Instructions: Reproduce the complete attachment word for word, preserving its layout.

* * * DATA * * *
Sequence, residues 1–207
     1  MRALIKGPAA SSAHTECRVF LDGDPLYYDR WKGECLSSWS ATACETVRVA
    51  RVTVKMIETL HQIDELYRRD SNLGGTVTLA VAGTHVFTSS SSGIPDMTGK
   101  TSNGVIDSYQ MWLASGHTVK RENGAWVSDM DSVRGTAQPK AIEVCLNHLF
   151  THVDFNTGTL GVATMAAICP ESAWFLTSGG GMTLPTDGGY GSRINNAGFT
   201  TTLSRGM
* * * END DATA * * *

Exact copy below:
Sequence, residues 1–207
     1  MRALIKGPAA SSAHTECRVF LDGDPLYYDR WKGECLSSWS ATACETVRVA
    51  RVTVKMIETL HQIDELYRRD SNLGGTVTLA VAGTHVFTSS SSGIPDMTGK
   101  TSNGVIDSYQ MWLASGHTVK RENGAWVSDM DSVRGTAQPK AIEVCLNHLF
   151  THVDFNTGTL GVATMAAICP ESAWFLTSGG GMTLPTDGGY GSRINNAGFT
   201  TTLSRGM